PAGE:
“Lifting people out of poverty was and is precisely the mandate with which the World Bank was founded. Now, at last, we have a nominee with the experience and humility to move this agenda forward.” That's how Paul Farmer and NYU professor John Gershman described Jim Yong Kim in a Washington Post Op-Ed supporting his nomination to lead the World Bank.
Published on April 11 under the title "Jim Kim’s humility would serve World Bank well," the article argues that “recent claims from some economists that Kim is ‘anti-growth' are based on a willful misreading and selective reporting of passages from Kim’s co-edited volume Dying for Growth: Global Inequality and the Health of the Poor.” Both Farmer and Gershman have known Jim Kim and his views long and well — Farmer as a co-founder of PIH and Gershman as one of Kim's co-editors on Dying for Growth.
"Any reasonable reading of the book indicates that Dying for Growth is pro-growth, raising questions about particular policies and patterns of growth that exclude the great majority of people living in poverty," Farmer and Gershman wrote. "Hence the double entendre in the title.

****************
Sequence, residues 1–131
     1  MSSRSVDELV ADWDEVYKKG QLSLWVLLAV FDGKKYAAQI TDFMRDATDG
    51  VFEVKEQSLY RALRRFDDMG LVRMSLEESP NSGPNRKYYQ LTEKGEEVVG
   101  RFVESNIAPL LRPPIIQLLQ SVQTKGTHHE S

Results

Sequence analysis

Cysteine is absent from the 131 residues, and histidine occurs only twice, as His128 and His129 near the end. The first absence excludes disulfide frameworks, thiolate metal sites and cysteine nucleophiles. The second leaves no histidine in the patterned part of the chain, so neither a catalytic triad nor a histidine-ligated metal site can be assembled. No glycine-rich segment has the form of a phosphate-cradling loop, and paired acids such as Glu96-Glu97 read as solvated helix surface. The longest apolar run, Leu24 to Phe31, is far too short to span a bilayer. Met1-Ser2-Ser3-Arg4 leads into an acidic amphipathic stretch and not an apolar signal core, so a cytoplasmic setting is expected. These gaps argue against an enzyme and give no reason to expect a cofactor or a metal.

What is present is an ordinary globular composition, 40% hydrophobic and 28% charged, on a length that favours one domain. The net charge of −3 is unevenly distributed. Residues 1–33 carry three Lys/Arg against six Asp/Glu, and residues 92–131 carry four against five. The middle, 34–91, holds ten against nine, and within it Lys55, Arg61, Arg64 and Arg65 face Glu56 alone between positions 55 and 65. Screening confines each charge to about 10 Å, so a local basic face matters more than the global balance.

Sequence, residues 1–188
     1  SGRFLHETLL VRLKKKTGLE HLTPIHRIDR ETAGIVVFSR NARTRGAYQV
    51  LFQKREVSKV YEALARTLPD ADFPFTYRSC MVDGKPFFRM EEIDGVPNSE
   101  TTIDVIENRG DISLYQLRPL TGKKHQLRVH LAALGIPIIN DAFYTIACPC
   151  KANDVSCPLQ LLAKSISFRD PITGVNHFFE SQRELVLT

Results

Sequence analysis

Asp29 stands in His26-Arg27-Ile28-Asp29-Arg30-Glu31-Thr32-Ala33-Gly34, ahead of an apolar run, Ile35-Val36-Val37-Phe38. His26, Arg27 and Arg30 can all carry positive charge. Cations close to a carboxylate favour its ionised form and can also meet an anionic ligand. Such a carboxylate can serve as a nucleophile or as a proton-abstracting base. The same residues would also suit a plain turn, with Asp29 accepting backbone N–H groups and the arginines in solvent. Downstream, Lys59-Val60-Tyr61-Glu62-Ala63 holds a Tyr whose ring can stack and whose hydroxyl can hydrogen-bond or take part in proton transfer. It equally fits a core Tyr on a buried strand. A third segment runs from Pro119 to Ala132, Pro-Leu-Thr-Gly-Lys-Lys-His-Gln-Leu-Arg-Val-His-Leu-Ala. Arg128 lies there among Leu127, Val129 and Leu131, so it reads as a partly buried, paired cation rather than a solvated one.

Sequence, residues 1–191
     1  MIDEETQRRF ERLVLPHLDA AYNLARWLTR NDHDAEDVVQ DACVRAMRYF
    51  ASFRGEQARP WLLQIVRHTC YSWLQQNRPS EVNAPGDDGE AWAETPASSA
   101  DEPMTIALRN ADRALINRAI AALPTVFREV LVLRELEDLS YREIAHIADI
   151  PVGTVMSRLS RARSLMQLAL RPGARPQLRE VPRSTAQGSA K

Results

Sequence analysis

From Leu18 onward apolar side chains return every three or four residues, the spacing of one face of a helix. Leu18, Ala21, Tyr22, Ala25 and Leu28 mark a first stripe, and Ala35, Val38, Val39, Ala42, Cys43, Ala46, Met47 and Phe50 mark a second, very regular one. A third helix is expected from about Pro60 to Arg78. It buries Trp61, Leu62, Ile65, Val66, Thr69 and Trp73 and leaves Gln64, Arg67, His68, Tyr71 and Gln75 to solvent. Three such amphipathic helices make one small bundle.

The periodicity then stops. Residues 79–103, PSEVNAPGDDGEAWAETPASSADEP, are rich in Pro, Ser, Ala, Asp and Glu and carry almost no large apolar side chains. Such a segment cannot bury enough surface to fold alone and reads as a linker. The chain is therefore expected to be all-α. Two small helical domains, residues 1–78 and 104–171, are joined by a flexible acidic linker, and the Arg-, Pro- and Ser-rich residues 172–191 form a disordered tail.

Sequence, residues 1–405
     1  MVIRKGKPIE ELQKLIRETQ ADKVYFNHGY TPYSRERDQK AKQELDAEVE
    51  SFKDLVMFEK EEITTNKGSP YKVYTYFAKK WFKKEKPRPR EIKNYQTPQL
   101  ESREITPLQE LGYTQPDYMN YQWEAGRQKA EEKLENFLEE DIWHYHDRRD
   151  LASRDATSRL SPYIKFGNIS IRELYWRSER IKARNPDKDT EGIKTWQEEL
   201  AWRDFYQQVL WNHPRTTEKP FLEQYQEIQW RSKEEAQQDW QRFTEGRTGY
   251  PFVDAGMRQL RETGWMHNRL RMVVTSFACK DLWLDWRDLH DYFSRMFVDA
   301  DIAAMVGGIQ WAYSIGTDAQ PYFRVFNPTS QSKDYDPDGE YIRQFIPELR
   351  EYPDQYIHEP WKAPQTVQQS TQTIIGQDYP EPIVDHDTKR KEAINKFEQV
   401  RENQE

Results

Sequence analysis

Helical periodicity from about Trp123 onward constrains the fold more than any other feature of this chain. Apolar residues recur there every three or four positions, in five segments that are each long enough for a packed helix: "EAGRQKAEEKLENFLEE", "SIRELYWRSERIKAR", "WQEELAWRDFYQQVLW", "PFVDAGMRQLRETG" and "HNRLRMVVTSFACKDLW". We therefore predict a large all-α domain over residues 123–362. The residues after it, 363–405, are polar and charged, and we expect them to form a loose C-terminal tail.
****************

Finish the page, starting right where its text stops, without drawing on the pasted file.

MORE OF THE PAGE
"The conclusion of Dying for Growth contained an explicit call for research on the relationships among growth, inequality, poverty and health.
"That stance — of asking hard questions rather than assuming the answers — is a valuable one for whoever is at the helm of the World Bank or any development institution. We would argue that it is precisely this humility that has been missing for too long among those who claim to have a clear prescription for ending poverty.
"Jim Yong Kim is a physician and leader who has dedicated his life to advancing development — seeking brisk economic growth and ensuring that the most vulnerable also benefit."